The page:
When put in jail in Japan after the war, the famous German Zen philosopher, Karl Durkheim, had time to meditate.
One day in this cell, his hand on the table, he understood that “the depth of a quality, is related to the quality of the depth.”

This sentence is what came to my mind today when attending Senō sensei’s class. The quality of his movements is so subtle that it is impossible to get them from the Omote. With Liz, a  Canadian and Japanese resident, we had to feel the techniques at least ten times to begin to understand the Ura.

When you are his uke, there’s no strength at all. It is like fighting a cloud. You are trapped softly, as is he was not there. At some point, he quoted Hatsumi sensei repeating that you have to “throw yourself away”. To disappear. Becoming zero is the only way.

We did many similar techniques today. I’ll try to share one of them here. You receive uke’s attack softly with the arm, the thumb protruding at the triceps level. Then you twist slightly your forearm which in turn locks uke’s wrist. The ability to keep a relaxed body is important, and this twisting of the limb, so typical is Senō sensei’s movements is a major part of it. When the is no tension in your body, each part of your anatomy can move freely and independently. There is no intention at all. This is zero.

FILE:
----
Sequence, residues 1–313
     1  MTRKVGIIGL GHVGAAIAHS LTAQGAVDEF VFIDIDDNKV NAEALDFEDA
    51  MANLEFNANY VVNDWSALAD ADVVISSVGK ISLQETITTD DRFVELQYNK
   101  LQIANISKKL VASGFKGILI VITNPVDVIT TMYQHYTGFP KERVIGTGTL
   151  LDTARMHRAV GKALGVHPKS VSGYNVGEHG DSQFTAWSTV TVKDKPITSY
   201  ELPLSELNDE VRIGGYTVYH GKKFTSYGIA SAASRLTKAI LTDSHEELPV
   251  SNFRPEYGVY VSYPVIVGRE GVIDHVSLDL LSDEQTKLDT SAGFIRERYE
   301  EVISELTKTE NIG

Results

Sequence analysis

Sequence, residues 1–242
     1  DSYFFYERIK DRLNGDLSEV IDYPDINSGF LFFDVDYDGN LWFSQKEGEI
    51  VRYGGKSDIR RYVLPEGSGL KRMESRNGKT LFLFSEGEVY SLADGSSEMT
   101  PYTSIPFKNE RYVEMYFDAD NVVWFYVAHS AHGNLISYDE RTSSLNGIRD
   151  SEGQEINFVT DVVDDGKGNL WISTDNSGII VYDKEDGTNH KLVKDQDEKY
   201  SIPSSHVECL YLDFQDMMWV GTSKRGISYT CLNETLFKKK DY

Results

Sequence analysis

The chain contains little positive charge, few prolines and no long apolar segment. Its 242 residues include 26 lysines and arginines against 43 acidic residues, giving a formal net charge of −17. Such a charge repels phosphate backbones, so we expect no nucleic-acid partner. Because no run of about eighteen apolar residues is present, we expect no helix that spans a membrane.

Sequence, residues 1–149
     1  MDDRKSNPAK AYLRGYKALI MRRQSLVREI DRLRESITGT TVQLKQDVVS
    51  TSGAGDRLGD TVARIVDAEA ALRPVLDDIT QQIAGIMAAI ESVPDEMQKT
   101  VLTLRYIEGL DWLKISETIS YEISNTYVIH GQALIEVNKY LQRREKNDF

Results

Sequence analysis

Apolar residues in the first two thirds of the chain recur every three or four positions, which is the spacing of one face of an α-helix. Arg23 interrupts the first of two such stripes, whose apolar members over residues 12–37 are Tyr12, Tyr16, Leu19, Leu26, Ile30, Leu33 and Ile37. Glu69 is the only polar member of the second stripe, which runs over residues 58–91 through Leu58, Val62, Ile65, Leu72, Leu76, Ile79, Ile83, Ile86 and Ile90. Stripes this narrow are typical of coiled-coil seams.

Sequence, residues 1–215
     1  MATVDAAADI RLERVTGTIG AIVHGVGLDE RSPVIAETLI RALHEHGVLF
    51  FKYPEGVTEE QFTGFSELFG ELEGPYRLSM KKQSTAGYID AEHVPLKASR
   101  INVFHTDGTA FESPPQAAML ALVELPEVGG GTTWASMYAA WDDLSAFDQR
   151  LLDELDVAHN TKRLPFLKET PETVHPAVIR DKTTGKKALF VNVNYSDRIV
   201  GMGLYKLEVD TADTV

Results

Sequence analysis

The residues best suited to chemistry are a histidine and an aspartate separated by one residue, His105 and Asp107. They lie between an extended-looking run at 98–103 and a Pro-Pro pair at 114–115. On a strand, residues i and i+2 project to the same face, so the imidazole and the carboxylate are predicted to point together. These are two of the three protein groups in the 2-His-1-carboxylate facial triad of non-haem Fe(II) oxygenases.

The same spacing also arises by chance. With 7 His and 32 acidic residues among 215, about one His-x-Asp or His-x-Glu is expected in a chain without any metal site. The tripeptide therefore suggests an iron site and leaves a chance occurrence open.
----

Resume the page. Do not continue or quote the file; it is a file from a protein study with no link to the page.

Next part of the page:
The movement is so soft that the attacker has no knowledge about it. After receiving the attack (ukeire) (1), entering with your leg in a sort of Ô Soto Gake, you threaten his face with the top of your elbow and wrap/rotate uke’s shoulder with your open hand flat on the shoulder blade. Uke doesn’t know he is trapped before it is too late. His spine is composed, and he flies away with no force at all. Naturally.

Senō sensei’s explained that the “gake” was different from the usual one (2). Here, the idea is to suspend the opponent between two points, so that he is never aware of what is happening to him (3).

Another important aspect is the rhythm of your movements. Senō sensei’s spoke of Jiki, the time between the steps. Like when you are playing music, rhythm is vital. A technique is not flat. There is a tempo. Going too fast or not respecting those breathing moments will prevent your actions to be efficient.

That was another great class. When you have the chance to train at this level, you understand how foolish it is to train fast, using speed and strength. Softness is much more efficient. It is the only way to reach the quality of Budō you’re striving to achieve.